Please consider getting vaccinated as way to protect yourself and the children in your community. If not — I respect your right to your own medical decisions. But please respect my right to keep my children safe, and understand that we may not be getting together until after my children have had the opportunity be vaccinated. We’re all in this together, and I wish you the best.

Love,

Ursula

I wish this post could be about something else. I wish I could stop talking and thinking about the pandemic, like so many other people seem to be doing right now. And I get it — the pandemic has felt long and difficult, and lots of people are ready to throw away their masks and move on regardless of vaccination status.

But I can’t stop talking about it. Why? Because of my kids.

I can’t stop talking about the pandemic because my children aren’t old enough to be vaccinated yet. I can’t stop talking about the pandemic because another child in my son’s kindergarten class was hospitalized last winter with a severe case of COVID. I can’t stop talking about the pandemic because the lockdown was too traumatic for me as a parent to just suddenly act like nothing has changed, and there continue to be super-contagious new variants spreading that put us at risk of future lockdowns if we don’t act proactively.

I want the pandemic to be over just as badly as anyone. In fact, I would argue that the reason I continue to be cautious and wear a mask in indoor public places (in addition to being fully vaccinated) is that I so very badly want the pandemic to end. If my running a marathon, or giving up ice cream permanently, or shaving my head would end the pandemic, I would do it.

Why?

To save lives. Yes, I’ve heard over and over that 99.5% of the time, it is only the unvaccinated who are at risk of severe illness and death. So why should I care about the lives of the unvaccinated, some may wonder? Because, my children are not yet old enough to be vaccinated. Because all children under age 12 are unvaccinated in the U.S. Because the vast majority of people around the world have not yet had the opportunity to be vaccinated.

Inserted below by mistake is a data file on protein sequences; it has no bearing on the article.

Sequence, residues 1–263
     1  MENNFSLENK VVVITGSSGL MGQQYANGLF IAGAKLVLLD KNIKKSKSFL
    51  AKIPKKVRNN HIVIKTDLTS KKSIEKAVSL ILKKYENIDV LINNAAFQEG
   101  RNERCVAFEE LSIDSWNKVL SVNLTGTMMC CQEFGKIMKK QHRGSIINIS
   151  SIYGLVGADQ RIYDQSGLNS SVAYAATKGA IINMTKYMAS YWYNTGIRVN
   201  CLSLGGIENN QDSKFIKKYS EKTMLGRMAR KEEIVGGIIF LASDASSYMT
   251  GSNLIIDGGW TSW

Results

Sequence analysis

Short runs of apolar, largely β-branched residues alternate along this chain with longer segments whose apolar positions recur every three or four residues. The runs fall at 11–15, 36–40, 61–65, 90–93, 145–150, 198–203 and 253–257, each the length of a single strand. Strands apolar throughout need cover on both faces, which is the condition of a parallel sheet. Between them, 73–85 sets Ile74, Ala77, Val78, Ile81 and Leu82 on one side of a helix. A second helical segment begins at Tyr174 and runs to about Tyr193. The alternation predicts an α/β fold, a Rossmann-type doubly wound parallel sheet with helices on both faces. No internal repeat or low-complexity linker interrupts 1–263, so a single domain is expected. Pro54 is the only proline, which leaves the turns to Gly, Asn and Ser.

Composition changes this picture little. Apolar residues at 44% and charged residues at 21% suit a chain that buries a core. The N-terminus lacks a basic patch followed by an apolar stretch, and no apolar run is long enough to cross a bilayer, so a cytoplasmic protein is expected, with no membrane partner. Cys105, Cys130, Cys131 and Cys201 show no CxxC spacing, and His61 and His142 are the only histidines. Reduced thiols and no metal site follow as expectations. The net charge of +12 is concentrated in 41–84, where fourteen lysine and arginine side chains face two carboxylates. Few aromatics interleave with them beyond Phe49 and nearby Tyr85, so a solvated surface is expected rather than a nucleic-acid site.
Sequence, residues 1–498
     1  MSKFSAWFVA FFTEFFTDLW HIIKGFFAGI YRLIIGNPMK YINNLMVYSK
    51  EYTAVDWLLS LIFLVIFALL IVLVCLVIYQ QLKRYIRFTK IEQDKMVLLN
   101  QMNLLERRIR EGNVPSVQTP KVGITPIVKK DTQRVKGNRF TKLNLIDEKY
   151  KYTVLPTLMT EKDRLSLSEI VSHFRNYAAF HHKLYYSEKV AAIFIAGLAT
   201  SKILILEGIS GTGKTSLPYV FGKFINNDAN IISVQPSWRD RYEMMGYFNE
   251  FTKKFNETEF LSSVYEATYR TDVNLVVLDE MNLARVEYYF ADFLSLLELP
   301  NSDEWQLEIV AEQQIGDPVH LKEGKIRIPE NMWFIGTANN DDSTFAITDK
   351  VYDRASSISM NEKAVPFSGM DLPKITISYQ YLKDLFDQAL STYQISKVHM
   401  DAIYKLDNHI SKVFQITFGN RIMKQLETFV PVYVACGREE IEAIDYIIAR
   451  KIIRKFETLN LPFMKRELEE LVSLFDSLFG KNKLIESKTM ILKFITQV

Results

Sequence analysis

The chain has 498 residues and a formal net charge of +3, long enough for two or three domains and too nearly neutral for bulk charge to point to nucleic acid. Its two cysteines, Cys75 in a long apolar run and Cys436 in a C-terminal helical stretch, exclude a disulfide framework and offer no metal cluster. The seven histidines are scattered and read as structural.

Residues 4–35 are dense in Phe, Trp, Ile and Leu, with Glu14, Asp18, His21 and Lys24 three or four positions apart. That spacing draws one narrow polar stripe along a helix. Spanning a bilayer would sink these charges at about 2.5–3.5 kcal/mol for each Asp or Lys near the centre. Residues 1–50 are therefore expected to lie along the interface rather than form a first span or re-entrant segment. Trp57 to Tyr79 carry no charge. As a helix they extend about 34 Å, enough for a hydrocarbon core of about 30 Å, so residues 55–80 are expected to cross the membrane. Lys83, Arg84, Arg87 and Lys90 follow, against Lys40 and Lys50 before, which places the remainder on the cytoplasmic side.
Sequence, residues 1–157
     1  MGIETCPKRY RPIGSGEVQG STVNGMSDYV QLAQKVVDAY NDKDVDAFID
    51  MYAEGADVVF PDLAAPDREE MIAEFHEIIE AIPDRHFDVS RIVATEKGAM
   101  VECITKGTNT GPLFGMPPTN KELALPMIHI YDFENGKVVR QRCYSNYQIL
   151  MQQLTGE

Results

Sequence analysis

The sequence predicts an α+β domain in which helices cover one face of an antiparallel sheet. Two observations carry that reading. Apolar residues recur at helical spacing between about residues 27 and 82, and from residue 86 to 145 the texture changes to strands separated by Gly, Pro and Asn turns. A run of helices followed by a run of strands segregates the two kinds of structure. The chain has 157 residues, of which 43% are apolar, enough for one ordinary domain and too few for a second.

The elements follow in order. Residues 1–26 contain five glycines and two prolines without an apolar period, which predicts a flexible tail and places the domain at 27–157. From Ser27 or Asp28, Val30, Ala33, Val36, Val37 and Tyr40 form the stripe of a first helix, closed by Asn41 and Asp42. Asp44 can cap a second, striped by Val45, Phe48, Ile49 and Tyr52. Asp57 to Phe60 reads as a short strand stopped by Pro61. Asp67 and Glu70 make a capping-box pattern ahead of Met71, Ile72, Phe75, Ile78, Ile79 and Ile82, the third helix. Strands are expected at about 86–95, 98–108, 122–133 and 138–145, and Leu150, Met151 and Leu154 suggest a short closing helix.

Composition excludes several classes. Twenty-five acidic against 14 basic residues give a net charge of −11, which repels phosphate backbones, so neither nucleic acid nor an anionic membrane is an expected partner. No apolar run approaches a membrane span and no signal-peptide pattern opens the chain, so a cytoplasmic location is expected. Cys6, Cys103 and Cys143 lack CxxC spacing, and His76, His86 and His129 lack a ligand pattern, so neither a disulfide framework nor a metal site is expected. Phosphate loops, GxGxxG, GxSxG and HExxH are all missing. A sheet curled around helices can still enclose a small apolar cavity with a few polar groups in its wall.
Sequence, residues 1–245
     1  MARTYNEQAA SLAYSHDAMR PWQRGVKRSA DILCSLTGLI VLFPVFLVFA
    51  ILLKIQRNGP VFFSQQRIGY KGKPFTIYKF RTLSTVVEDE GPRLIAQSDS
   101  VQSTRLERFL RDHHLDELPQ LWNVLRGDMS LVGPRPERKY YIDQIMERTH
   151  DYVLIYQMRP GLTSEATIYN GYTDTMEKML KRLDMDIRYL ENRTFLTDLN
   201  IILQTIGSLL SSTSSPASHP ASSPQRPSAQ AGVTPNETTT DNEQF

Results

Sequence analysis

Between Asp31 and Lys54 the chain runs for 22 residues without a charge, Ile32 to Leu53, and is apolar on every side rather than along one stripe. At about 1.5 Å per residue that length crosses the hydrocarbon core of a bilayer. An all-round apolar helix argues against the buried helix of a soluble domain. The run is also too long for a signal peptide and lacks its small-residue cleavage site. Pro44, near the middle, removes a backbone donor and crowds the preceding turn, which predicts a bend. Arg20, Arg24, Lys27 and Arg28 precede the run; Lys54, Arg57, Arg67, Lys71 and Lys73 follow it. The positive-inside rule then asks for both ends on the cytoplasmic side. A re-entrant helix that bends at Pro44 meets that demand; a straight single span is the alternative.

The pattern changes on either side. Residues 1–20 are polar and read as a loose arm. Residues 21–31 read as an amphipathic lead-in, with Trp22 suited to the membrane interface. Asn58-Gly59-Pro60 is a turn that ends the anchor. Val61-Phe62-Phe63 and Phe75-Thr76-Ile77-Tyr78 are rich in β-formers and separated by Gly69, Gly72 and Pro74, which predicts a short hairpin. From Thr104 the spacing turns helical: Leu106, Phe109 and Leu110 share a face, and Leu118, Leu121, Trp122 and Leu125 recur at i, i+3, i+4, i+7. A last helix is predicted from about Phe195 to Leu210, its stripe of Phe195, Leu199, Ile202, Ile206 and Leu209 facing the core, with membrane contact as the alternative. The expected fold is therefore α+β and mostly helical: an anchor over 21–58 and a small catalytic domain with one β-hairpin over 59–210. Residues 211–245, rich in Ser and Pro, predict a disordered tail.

As of July 18, 48.6 percent of the U.S. population was fully vaccinated, leaving the other 51.4 percent vulnerable. 26.3 percent of the world’s population has received at least one dose of the vaccine, with only 1 percent of people in low-income countries having received one dose.

Of course, running a marathon and shaving my head won’t stop the spread of COVID. Vaccination and mask-wearing are the two best tools we have towards ending this awful pandemic. Make no mistake — the decisions we make in this precarious moment will have lasting impact.

I’m reminded of the words of Jesus, recorded in John 15:13, “Greater love has no one than this, that he lay down his life for his friends.” I’m also thinking about the parable of the Good Samaritan, which Jesus told to expand upon the commandment to “Love your neighbor as yourself.”

I have a sticker on my water bottle. It says:

“Love thy neighbor
Thy immigrant neighbor
Thy black neighbor
Thy atheist neighbor
Thy Muslim neighbor
Thy depressed neighbor
Thy Asian neighbor
Thy LGBTQIA neighbor
Thy disabled neighbor
Thy indigenous neighbor
Thy Jewish neighbor
Thy political neighbor
Thy elderly neighbor
Thy homeless neighbor
Thy Latino neighbor
Thy addicted neighbor
Thy millenial neighbor
Thy ______ neighbor”

And who is your neighbor?


From one of our nature walks this month.

Here’s what I’m into this month.

New Year’s Resolutions/Goals:

I set two personal goals for the start of the new year. 1) To start a movie discussion group. Check! We had our first meeting (via Zoom) a few weeks ago and we discussed the film Birdman. Birdman made for an interesting discussion but I can’t say I enjoyed watching the movie. It’s too dark, and life is bleak enough as it is right now. So we selected Lady Bird for our next meeting in February, since I’ve seen it before and knew it was funny. Apparently we’re going with a bird theme for the moment. Anyway, I’m trying to maintain sort of connections with friends and the movie group is my organized attempt at this for now.

My second goal is to run a 10K. I’m not planning to register for an actual race, just to train and run that distance on my own. Running has been an important coping mechanism for me throughout this pandemic, and I wanted to challenge myself to build endurance. So this month I started following a training schedule. I run 3 days a week, and do yoga and walk our dog on the other days. It’s going well and I’m hoping to be up to 6 miles by March.